Bone health is something we’re all aware of, but probably not something we all practice. Bone health is important at any age. We need strong bones to help us through adolescence and then to help us as we age.
Below are some of the nutrients that can help with bone health:
A number of recent studies suggest that a diet lacking in protein accelerate bone loss. Unfortunately, however, excessive amounts may be detrimental. The recommendation is to eat moderate amounts of high-quality proteins including lean meats such as chicken, turkey, lean beef, seafood, low-fat yoghurts and cheese and beans, legumes and peanut butter.
Is thought that calcium may help lower high blood pressure and protect against colon and breast cancer. A lack of calcium could lead to a condition called rickets in children or osteoporosis in later life. When it comes to osteoporosis prevention and treatment, calcium is one of the most important nutrients. The best choices for calcium include low fat dairy products and cheeses, soya beans, kale, broccoli, and almonds. Care needs to be taken with calcium, as an excess of calcium can also lead to problems such as kidney deposits.
Studies suggest that vitamin C rich foods may also help slow the rate of bone loss as we age. Vitamin C also helps protect cells and keeps them healthy and is essential for the maintenance of healthy connective tissue. Eating oranges, lemons, grapefruit, pineapple, raspberries, mangoes, lychees, bell peppers, hot-chili peppers, broccoli, Brussels sprouts, cauliflower, cabbage and tomatoes, to name but a few, enables your body to produce collagen, a protein that contributes to bone strength and integrity.
Many fruits and vegetables contain significant quantities of potassium. It is thought that eating a diet rich in potassium may help slow the decline in bone mineral density that occurs with ageing. There are some great sources of potassium in fruit and vegetables including bananas, honeydew melon, plums, prunes, raisins, avocados, artichokes, lettuce, carrots, tomatoes, beans, nuts, fish, shellfish, meat and chicken.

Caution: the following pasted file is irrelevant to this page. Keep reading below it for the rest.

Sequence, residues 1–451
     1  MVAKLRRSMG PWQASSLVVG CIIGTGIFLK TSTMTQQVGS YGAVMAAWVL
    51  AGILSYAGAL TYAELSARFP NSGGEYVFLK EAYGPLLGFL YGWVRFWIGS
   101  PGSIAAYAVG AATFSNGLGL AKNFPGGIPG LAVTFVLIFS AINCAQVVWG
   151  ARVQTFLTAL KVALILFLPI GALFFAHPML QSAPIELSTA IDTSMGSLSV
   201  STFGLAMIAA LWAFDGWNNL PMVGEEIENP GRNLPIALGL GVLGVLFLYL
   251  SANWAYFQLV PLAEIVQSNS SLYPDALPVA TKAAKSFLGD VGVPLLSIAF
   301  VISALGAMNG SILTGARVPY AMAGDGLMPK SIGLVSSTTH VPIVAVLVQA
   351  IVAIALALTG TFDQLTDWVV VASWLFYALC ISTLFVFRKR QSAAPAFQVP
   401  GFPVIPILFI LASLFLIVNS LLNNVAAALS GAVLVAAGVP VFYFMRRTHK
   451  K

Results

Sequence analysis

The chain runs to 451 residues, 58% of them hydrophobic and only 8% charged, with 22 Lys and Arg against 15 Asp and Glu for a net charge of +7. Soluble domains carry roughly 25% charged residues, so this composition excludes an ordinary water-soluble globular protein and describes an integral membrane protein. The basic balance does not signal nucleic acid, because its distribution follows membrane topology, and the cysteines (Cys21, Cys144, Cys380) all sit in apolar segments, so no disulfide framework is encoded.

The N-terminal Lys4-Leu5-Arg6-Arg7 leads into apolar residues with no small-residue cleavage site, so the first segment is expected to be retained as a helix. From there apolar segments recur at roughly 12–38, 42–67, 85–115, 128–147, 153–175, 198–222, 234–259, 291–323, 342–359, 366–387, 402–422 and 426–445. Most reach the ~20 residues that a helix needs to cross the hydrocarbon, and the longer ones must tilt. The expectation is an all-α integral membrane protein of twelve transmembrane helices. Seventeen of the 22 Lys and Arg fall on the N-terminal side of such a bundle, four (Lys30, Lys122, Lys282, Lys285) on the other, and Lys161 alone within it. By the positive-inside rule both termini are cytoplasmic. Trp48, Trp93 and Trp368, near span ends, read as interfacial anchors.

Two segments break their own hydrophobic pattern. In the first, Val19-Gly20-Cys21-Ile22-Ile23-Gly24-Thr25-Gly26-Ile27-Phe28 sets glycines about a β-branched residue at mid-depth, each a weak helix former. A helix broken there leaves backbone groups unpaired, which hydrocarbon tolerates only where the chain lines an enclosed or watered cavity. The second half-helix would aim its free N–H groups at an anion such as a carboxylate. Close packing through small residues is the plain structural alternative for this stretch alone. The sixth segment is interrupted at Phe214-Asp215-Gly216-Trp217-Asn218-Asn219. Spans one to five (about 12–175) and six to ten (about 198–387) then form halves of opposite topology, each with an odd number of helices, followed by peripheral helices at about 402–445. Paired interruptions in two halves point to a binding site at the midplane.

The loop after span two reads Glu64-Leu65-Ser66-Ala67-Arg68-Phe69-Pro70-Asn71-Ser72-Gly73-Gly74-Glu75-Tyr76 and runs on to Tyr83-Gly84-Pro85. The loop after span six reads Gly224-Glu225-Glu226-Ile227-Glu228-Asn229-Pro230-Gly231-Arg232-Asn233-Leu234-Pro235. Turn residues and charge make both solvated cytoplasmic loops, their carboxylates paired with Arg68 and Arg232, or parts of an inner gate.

It is thought that magnesium may play a supporting role when it comes to treating and helping to prevent Osteoporosis and helps to convert the food we eat into energy. Natural sources of magnesium are green leafy vegetables, wholemeal bread, pumpkin seeds, brown rice, nuts, sweet potatoes, beans, sesame seeds, flaxseed, meat and fish and dairy foods.
Another critical nutrient for bone health is vitamin D. Calcium relies on vitamin D to help it with absorption. Your body can make vitamin D with the help of sunlight, but in the interest of protecting your skin and during the year when we see very little sunlight, we must get most of our vitamin D from food and supplements. The best food sources are fatty fish including salmon, herring, mackerel, and sardines, low fat milk, soya milk, and yogurt and egg yolks. As there are only very few foods that are rich in vitamin D, you may need to take a supplement, such as a multivitamin that contains vitamin D.
This vitamin is essential for the formation of osteocalcin, a type of protein found only in bone and a high intake of vitamin K has been linked to lower risk of fractures. Vitamin K is especially found in leafy green vegetables such as kale, lettuce, and spinach as well as asparagus, broccoli, Brussels sprouts and watercress. However vitamin K is a natural blood thickener and may cause problems if you’re taking blood–thinning medication, so talk to your doctor before incorporating vitamin K rich foods into your diet.
We should also try to include high-quality soya foods such assoya beans, tofu, soya cheese and soya milk, soya yogurt into our diets a few times each week. Some soya products can be an acquired taste if we are used to the taste of dairy foods, but soya yoghurts and milk in particular are very tasty.